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1 Oct 2010

The Ayodhya Verdict

I heard the verdict on the long-standing Ayodhya issue. It was pathetic, if nothing else. No offence but why did it take this long to say something I could have said right back then? On the surface it sounds like a reasonable decision. Except that, it is not. 

If Hindus and Muslims could live in harmony, sharing the same ground, why have they not already? Maybe most Hindus and Muslims do not really care if they had to share the ground. They can live in harmony. There are certain sections of troublemakers who needed the issue to thrive because it served their selfish interests. How is this verdict going to address that? In my view, the core of the problem has been less religion and more politics. Mud-slinging and buying vote-banks, in the name of Ayodhya, has been a norm at every major political event. It has been nurtured by some of our leaders, to increase the bulge in their pockets. Why will they accept this verdict now? Of course, they will not go out and protest against the verdict. Does that mean they like it?

Taking advantage of the hype of the issue, a few objects of media have dug up the history of the issue. Apparently, this is not just a two-decade old issue, as most of us know it. It dates back centuries. One version I read said the start of the story is way back in the 11th century when Lord Rama was born in Ayodhya. There was a temple built in his honour, which was later demolished by a Mughal Emperor, who built a masjid there. A good 300 years later, that was demolished by a group of party workers and politicians led by L K Advani. A long, painful 20 years later, a verdict is given that Hindus and Muslims should share the land equally. And the 3rd party. Like a friend of mine tweeted, how do you divide 1 by 3 and get a whole number? Does each party get 0.333333333333333333333333333333333333333333333333333% of land?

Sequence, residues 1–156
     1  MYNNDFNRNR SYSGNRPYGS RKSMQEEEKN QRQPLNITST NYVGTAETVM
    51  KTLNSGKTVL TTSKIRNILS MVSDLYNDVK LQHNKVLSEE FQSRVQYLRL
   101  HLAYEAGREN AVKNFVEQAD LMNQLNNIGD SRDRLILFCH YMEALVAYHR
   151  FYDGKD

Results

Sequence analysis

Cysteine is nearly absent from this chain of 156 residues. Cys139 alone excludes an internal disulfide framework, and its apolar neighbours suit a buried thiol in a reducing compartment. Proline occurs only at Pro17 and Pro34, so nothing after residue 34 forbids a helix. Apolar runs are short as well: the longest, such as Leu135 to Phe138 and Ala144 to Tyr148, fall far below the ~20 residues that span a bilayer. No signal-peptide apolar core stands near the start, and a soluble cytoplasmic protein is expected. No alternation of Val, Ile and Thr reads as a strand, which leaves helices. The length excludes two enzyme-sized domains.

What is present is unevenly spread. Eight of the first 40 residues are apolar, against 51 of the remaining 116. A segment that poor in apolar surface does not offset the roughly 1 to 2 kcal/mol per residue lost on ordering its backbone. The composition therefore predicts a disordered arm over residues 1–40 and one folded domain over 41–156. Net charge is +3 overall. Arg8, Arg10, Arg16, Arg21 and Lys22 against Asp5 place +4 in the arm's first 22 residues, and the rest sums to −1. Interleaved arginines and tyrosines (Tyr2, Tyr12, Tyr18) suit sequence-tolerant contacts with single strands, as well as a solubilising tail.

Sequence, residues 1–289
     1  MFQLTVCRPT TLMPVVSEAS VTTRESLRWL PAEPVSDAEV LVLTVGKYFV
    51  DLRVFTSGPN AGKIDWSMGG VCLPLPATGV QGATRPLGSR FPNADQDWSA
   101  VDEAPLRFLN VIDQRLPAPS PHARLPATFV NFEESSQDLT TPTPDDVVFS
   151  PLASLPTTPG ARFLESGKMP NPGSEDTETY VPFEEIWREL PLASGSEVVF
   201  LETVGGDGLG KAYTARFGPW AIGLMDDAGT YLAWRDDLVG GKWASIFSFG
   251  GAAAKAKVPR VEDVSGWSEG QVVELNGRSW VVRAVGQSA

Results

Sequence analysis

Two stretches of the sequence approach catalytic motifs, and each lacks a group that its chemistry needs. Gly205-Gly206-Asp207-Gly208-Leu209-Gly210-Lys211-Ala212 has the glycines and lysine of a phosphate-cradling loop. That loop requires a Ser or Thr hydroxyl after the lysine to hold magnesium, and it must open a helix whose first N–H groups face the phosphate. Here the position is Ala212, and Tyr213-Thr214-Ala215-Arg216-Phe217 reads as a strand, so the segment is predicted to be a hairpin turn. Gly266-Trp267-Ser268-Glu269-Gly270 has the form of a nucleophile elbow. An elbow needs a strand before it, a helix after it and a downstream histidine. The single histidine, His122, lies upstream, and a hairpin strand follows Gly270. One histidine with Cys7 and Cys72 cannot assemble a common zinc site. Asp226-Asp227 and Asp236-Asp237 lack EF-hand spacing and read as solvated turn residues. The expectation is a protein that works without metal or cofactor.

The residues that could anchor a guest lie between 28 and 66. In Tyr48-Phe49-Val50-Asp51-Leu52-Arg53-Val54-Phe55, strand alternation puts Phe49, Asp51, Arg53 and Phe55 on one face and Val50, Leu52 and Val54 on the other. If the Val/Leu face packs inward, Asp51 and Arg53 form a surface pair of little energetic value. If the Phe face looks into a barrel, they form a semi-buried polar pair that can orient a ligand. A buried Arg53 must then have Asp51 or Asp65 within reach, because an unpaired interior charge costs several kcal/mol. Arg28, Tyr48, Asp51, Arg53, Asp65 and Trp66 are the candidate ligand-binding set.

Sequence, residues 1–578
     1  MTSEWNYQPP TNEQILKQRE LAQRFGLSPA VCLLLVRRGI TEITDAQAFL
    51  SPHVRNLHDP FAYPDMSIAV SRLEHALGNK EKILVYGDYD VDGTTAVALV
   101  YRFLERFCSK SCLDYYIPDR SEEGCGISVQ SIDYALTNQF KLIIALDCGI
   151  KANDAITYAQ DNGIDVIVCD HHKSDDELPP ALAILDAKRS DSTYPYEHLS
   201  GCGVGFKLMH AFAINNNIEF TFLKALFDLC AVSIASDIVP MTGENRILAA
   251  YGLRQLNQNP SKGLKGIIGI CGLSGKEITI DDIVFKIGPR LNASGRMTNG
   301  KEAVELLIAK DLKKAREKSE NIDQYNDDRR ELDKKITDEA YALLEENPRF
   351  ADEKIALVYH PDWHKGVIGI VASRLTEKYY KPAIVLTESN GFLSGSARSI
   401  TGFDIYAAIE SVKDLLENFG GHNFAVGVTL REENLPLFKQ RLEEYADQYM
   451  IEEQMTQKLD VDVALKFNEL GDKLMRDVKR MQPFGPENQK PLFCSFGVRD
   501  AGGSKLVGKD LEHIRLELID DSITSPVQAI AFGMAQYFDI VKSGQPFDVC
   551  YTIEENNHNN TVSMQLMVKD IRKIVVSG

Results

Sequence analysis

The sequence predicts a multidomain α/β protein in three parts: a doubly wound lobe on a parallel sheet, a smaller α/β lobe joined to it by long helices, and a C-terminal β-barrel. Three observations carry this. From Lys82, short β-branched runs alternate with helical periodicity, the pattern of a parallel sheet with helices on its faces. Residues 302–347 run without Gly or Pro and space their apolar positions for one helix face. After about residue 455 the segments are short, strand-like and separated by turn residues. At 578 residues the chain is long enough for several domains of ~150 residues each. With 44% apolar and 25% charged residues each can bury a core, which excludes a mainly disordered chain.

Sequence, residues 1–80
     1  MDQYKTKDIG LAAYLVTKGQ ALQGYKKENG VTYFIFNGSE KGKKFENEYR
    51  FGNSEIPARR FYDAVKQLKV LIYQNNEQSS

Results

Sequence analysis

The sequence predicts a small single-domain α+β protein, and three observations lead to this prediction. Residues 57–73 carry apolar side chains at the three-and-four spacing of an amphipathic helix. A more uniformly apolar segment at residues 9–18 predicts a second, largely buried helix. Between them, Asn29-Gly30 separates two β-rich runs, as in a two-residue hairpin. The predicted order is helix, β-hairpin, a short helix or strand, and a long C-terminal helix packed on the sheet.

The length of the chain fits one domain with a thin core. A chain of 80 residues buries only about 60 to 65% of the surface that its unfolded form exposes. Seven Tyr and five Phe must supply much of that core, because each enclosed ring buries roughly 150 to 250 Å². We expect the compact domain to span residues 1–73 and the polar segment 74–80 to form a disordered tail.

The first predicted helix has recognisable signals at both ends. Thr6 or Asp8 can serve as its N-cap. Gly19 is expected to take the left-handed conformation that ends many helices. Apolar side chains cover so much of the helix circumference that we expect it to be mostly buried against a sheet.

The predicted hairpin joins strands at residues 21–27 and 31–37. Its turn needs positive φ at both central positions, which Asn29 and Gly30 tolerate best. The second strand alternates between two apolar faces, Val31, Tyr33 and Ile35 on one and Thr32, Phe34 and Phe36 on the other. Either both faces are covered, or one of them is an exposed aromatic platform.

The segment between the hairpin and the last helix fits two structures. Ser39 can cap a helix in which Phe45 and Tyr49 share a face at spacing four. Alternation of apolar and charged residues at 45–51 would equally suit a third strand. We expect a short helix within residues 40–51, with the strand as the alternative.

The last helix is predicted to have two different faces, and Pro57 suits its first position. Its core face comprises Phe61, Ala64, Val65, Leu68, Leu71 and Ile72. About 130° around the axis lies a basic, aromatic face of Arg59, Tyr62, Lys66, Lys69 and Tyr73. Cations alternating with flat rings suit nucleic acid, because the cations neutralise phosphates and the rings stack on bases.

Here are a few excerpts from people's views collected by the TOI group.  

Hindus are happy that the court has said they can have the land, they cannot see why they need to share it with the Muslims...

"The court has accepted historical facts and ruled on the basis of facts," said Nritya Gopal Das, president of the Shri Ram Janmabhoomi Nyas, the chief body in Ayodhya working towards the building of a temple on the site. "Every Hindu already knew in his heart that Ram lived here. Now the court has ruled that this is true," Das added. 

"When the court has ruled this is where Ram was born, what is the meaning of a one-third share for Muslims? The whole area is Ram's and we will go in appeal to the SC against the one-third given to the Sunni Waqf Board," Das said.

The Muslims cannot see why the Hindus need to be given any part of the land at all...

"Does all this mean that it was okay to tear down the Babri mosque? Why is the court deciding matters thousands of years old but ignoring matters 20 years old," asked 24-year-old Ashraf Ali (name changed on request), a resident of Ayodhya who works in a printing press in Faizabad.

It has not been accepted silently. The issue lives on. The only thing that has changed is probably the judge who retires today. He had to say something. He earned a good salary on the supposed verdict for a greater part of his career and when he had to leave, he told them to grow up and share it like good children. The saga continues. 

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